Race & Racism at the University of Richmond

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This article provides a description of an art show called “Intimate Images” at 1708 E. Main St. Gallery that includes art by artists Judy McLeod, Jude Schlotzhauer, and Amy Archinal. Each artist has a distinct style and focuses on issues such as,…

The Fall 1991 issue of the Messenger prompted University officials to withdraw the magazine from the admissions office and no longer send it to alumni. A memo from Gerald Quigg, vice president of University relations, claimed that crude language used…

This article defines the "literary quality" mentioned in student handbooks given to freshman (called "Rats" by the author). Gibson claims that literary realism is sometimes "vulgar" and "obscene" just to be shocking, which makes it "pornographic…

This sketch (a brief, abstract descriptive poem) begins with the "fear of a black" that is then related to the prevention of typhoid, which "results in the American Army." The three words of "Negro / Mister / Coffee" follow the words "They mystify."…

This poem is narrated by someone who feels left behind by a charismatic politician. References are made to the politician's constituents as being "scraps of self" and asking too much by expecting the politician to make their burdens his or her own,…

This poem from the Spring 1990 issue of the Messenger features an assumedly French female student who corrects a classmate's pronunciation of the word 'femme fatale.' Another classmate then reminds her that they aren't in France. The narrator then…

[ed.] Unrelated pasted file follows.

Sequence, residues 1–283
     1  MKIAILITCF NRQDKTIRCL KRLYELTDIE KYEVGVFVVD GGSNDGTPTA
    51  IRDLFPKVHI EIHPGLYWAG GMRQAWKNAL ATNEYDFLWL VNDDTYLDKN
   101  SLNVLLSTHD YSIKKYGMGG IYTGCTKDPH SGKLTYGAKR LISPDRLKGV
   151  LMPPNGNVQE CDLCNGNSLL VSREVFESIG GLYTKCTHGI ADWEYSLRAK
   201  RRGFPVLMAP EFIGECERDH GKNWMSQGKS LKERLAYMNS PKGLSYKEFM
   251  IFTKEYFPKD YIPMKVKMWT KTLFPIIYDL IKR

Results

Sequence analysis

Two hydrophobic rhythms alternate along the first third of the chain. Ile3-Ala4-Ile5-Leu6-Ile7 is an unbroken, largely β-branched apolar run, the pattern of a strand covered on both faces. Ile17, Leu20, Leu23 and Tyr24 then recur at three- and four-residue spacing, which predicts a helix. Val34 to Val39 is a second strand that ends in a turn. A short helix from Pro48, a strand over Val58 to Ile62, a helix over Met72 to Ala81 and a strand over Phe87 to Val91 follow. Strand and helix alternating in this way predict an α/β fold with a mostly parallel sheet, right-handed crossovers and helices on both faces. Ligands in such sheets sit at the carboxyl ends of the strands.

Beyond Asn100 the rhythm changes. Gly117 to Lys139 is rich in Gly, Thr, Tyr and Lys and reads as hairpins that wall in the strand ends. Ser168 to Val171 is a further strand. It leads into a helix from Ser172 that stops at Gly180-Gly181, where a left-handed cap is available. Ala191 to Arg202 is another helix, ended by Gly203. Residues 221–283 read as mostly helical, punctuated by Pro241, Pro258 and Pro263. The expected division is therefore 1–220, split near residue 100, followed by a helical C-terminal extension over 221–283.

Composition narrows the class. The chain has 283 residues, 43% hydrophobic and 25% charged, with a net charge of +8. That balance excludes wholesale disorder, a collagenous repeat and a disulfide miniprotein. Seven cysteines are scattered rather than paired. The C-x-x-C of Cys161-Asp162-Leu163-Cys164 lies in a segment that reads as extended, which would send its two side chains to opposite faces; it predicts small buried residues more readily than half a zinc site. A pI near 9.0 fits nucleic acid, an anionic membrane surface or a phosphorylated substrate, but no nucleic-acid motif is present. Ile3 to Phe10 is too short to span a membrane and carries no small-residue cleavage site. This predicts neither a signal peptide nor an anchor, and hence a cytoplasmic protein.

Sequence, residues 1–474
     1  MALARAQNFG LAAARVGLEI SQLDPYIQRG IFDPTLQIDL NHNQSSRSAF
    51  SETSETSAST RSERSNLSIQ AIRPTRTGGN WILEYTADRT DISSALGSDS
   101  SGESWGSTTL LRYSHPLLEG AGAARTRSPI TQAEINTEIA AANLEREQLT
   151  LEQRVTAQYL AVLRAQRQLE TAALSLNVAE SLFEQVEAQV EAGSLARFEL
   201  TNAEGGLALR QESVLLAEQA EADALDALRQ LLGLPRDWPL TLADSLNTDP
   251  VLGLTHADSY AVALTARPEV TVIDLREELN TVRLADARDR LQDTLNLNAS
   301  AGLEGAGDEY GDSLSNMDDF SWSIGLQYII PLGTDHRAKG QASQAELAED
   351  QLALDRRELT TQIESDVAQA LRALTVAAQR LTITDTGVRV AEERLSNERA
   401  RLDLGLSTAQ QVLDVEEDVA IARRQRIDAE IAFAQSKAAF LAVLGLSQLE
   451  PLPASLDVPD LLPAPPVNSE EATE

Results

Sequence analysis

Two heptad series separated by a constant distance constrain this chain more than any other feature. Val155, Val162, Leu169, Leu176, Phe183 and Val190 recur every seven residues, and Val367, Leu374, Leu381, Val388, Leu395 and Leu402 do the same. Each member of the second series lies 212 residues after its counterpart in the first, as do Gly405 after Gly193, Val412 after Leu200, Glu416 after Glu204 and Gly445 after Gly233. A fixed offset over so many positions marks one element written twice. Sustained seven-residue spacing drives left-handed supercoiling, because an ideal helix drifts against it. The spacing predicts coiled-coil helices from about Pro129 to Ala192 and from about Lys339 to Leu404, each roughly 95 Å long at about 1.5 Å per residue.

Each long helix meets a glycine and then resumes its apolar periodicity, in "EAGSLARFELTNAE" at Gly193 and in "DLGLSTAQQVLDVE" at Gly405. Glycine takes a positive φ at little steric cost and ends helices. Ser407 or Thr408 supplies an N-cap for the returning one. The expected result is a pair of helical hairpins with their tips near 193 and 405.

In this poem, the narrator claims that Jewish people always live in sukkot (plural form of sukkah), defined at the end of the piece as "a small tent built for a week of meals and prayer to celebrate the Jewish harvest holiday of Succoth." It…

The author of this poem claims that she is "an Asian who wants to be white" and begins the poem with the choice, "I want to be more American." When asked what's stopping her, though, she responds, "That's not who I am." The root of her desire to be…

This poem, narrated by "the slave's dream and hope," attacks the idea of "good hair" as a superior, more acceptable alternative to natural black hair. It asserts that good hair should have been left on the plantations, and compares it to the song…

The narrator of this poem expresses his identity as part of a "colossal being" of black people, preferring the collective 'we' to the singular 'I.' He explores slavery as "the torture that was endured for years and still / Silently exists today"…
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